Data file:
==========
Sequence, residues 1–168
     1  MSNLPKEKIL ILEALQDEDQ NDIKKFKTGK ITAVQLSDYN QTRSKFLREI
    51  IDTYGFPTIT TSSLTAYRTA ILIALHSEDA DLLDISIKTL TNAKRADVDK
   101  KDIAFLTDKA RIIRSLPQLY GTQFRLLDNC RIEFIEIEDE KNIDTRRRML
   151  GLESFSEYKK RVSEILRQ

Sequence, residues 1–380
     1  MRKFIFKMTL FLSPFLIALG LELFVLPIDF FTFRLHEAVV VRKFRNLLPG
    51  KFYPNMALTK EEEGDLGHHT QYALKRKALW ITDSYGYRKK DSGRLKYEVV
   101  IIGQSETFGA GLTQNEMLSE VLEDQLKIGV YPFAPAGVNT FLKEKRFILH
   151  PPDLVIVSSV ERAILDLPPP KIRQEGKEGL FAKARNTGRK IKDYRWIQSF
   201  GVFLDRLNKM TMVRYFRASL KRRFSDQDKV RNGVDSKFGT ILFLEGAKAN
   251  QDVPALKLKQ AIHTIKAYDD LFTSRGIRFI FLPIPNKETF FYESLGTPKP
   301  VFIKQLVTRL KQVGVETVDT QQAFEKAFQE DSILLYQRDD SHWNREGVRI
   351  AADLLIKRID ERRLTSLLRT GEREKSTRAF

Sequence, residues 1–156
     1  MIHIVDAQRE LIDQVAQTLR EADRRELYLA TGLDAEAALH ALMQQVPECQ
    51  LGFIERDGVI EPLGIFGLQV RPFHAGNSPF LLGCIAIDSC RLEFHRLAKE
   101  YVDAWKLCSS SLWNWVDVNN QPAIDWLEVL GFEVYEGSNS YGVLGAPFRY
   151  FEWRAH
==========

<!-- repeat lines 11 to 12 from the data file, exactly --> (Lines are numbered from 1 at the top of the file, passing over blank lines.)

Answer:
   201  GVFLDRLNKM TMVRYFRASL KRRFSDQDKV RNGVDSKFGT ILFLEGAKAN
   251  QDVPALKLKQ AIHTIKAYDD LFTSRGIRFI FLPIPNKETF FYESLGTPKP